In our opinion, the evidence was sufficient to sustain the findings to the effect that appellant Beverly Baker was intoxicated and that the accident and death was proximately caused by such intoxication. The word “intoxication,” as used in our guest statute (St.1923, p. 517, § 141 3/4, as added by St. 1929, p. 1580, as amended by St.1931, p. 1693), has been held in Tomlinson v. Kiramidjian, 133 Cal.App. 418, 24 P.(2d) 559, to have a meaning similar to “under the influence of intoxicating liquor” as that term is defined in People v. Ekstromer, 71 Cal.App. 239, 235 P. 69, 71. A person may therefore be said to be intoxicated or in a state of intoxication within the meaning of the guest statute, if intoxicating liquor has so far affected his nervous system, brain, or muscles “as to impair, to an appreciable degree, his ability to operate his car in the manner that an ordinary prudent and cautious man, in the full possession of his faculties, using reasonable care, would operate or drive a similar vehicle under like conditions.” If there was any substantial evidence to show that appellant Beverly Baker was in such condition at the time that the accident happened, then such evidence was sufficient to sustain the finding of intoxication.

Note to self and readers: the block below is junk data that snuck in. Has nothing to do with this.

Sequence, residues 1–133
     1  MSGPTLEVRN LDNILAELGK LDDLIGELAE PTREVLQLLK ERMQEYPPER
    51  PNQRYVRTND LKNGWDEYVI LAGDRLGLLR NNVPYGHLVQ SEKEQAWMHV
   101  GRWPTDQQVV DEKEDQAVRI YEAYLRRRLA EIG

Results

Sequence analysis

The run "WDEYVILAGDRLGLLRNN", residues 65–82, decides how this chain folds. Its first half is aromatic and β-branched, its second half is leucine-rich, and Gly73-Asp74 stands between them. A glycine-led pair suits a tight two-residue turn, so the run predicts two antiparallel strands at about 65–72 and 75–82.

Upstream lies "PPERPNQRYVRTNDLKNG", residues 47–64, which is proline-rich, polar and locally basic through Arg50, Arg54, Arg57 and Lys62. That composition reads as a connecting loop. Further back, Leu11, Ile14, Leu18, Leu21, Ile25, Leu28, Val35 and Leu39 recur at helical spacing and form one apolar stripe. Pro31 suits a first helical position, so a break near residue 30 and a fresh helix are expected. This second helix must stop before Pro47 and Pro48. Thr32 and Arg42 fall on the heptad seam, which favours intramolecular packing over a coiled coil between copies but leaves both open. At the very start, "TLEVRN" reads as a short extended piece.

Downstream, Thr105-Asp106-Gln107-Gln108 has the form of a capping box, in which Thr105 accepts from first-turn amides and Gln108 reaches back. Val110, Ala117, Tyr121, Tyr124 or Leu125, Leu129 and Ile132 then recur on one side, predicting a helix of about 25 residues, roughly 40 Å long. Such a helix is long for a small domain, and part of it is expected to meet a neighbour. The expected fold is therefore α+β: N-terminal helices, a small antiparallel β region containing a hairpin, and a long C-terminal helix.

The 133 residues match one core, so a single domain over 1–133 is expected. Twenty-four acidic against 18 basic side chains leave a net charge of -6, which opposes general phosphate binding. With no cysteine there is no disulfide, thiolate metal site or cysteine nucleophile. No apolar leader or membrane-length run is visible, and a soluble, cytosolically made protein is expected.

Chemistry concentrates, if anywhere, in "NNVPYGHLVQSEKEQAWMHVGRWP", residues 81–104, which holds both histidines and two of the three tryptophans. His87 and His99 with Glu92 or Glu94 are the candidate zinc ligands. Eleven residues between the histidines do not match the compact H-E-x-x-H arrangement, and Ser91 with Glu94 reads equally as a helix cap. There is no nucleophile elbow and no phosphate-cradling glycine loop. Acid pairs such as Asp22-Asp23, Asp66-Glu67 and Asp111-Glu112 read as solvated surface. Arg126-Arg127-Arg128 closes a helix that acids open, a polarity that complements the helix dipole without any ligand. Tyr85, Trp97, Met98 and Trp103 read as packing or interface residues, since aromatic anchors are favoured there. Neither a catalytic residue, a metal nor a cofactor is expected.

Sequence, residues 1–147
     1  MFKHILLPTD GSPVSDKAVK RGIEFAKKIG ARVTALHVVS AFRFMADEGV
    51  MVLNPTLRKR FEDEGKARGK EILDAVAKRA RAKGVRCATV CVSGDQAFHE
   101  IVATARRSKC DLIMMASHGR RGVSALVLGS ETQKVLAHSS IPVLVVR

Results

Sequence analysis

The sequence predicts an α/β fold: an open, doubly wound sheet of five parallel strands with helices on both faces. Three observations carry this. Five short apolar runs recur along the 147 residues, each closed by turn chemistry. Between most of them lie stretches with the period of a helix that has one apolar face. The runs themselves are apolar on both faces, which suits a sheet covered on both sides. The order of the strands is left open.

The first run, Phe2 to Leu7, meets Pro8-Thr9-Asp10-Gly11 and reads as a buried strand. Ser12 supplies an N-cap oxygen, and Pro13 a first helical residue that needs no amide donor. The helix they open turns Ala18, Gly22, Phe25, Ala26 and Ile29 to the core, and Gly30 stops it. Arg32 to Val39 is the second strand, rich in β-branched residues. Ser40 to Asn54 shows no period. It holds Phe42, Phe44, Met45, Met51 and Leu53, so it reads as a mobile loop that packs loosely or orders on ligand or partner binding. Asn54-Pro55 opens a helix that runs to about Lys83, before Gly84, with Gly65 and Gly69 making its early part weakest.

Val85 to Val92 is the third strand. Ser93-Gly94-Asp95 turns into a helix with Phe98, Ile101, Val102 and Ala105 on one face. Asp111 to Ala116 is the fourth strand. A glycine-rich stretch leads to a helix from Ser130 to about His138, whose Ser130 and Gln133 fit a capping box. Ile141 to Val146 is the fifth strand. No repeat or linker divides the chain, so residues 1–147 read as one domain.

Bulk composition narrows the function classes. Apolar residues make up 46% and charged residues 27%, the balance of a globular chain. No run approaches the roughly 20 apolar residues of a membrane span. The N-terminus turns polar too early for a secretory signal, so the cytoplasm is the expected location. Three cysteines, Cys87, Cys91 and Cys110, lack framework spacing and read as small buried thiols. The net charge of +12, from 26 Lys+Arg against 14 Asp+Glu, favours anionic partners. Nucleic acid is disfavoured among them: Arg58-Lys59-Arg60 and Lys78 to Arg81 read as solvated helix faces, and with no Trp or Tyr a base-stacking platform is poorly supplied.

As above stated, it was admitted that said appellant had consumed two glasses of port wine about 45 minutes before the accident occurred. These glasses were described by him as “regular water glasses” and they were filled within about half an inch of the top. There was also testimony to show that the wine was “18 per cent. port wine.” Said appellant was a young man of 23 years of age and he consumed said wine about 2 1/2 hours after eating his breakfast. He testified, “Well, I could feel a warm feeling like all intoxicating liquors make me feel, but I was not drunk.” Respondent Dolly L. Smith testified that she talked with said appellant during the short time he stopped at the Lopez place. She stated that, “He appeared very talkative, and held a continued conversation” and that his eyes “had a glassy appearance.” She further testified that as he left the Lopez place, he “backed out very fast” and started down the dirt road at an excessive speed. There was other direct evidence of excessive speed between the Lopez place and the point where the accident occurred. Said appellant testified that he applied his brakes just before the accident and “it seemed to lock in some way, just jerked the car out of my hand, I had no control.” He could not remember his speed before applying his brakes and when asked why he applied them, he said, “I don't know.” At another point in his testimony, he was asked whether there was any object in front of him when he applied his brakes and he replied, “It seems as though there was, and then I was––I can't remember exactly whether there was or not; it seems as though a car ahead of me slowed down or speeded up. I can't recall exactly; it just seems like a dim recollection––I couldn't swear, I am not sure about it.” He was further asked regarding his sensation after the brakes locked as claimed by said appellant and said, “I had no sense of feeling.” The evidence showed that the nearest vehicle was about 1000 feet from said appellant at the time that he applied his brakes. The skid marks on the highway were about 250 feet in length running off to the right side and then back to the left side. The car then struck a fence and broke off six heavy fence posts before turning over. The speed of the car was estimated in excess of 60 miles per hour. There was a strong odor of alcohol on said appellant's breath when he was given aid by a traffic officer after the accident. A doctor testified that, from the facts presented in a hypothetical question, the person “would not be absolutely sober”; that a young man of 23 “is more susceptible to the influence of the wine than would be a man who was used to it over a period of years”; that the fact that a person's stomach is empty has some effect on the action of the drink; that it would affect his ability to drive a car as it would excite his nervous system and he would be exhilarated. While the evidence fails to show that said appellant had been on what may be termed a drunken orgy or that he was in a maudlin condition at the time, this was not necessary. The above–mentioned evidence and other evidence found in the record was ample to sustain the trial court's finding that he was in a state of “intoxication” as that term is above defined and that such intoxication was the proximate cause of the accident and death.